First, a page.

Flexible, Paper-Like Tablet Computers Work Together To Make Computing More Like Shuffling Papers
But in a good way.
There’s a lot of consumer electronics news flooding out of CES in Las Vegas this week, but one of the more interesting technology stories we’re seeing is trickling out of Ontario, Canada, where Queen’s University researchers working with partners in the UK as well as at Intel Labs and Plastic Logic have developed a tablet computer that is both paper-thin and flexible. And while we’ve seen concept prototypes for flexible e-ink screens and the like previously, what’s most intriguing about the so-called PaperTab is the user interface.
The idea behind PaperTab isn’t to make your iPad flexible, but to rethink the way we use tablet computers–and to make them more like the actual pieces of paper we shuffle around our desks. Designed to work in clusters of up to ten tablets, the user can control various screens at once, with one or more PaperTabs for each app in use. So you can have several documents or apps running at once and work across several PaperTabs to execute tasks while moving things around between them. You can use several together to make a larger PaperTab display, or shuffle them around like you would actual paper documents. Touch two PaperTabs together and you can swap data between them (this is all far better explained in the video below).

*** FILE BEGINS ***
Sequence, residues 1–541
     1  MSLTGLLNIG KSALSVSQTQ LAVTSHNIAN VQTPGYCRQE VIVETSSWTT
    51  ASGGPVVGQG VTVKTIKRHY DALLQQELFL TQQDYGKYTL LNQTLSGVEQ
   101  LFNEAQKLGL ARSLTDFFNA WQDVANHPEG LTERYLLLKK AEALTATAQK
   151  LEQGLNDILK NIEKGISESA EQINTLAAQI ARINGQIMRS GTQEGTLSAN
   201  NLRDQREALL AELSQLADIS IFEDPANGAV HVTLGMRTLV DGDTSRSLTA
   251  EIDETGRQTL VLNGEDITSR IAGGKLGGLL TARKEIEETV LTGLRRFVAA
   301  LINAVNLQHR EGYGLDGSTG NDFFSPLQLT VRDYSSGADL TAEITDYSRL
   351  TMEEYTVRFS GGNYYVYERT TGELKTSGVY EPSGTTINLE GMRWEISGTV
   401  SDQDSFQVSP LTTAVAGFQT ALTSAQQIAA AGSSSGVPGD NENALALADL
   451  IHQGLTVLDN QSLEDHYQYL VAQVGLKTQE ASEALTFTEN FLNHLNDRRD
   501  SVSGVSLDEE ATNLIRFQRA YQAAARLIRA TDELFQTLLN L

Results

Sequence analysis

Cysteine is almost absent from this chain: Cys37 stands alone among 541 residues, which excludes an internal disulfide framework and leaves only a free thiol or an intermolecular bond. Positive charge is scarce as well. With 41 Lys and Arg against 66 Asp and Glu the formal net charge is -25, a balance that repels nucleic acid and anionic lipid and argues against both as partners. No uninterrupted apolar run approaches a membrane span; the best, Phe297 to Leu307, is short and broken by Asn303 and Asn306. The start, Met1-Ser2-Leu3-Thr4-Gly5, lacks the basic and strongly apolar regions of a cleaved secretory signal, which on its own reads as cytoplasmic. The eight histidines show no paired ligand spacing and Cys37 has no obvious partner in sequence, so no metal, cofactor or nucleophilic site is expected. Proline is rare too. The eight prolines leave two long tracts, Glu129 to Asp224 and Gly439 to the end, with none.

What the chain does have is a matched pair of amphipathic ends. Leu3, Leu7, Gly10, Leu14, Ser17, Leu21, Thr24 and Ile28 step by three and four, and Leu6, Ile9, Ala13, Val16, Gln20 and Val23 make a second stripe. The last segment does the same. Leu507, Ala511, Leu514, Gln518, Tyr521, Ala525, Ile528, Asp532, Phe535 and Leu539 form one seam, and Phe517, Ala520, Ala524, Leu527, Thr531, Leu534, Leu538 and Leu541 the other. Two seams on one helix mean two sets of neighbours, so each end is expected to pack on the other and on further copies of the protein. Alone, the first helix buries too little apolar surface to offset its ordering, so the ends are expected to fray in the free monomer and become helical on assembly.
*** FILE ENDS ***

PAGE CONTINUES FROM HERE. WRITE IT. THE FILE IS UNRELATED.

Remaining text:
Rather than relying on buttons or swipe gestures, PaperTabs respond to the flexing of the actual screen in certain ways–bend the right side of the display to page forward and the left side to page backward, for instance. And while it feels like this might be easier to master in theory than in practice, the folks in the video demo make it look pretty simple. But the point is, PaperTabs create a really interesting workflow–something like taking the various windows on your PC desktop and breaking them out on your physical desktop while retaining the ability to quickly move data and programs around from page to page. Figure out how to untether these things from those unsightly cords (they’ll need a paper-thin, flexible battery) and this Queen’s U. team might be onto something here–if not a consumer product just yet, at least a very cool interface idea.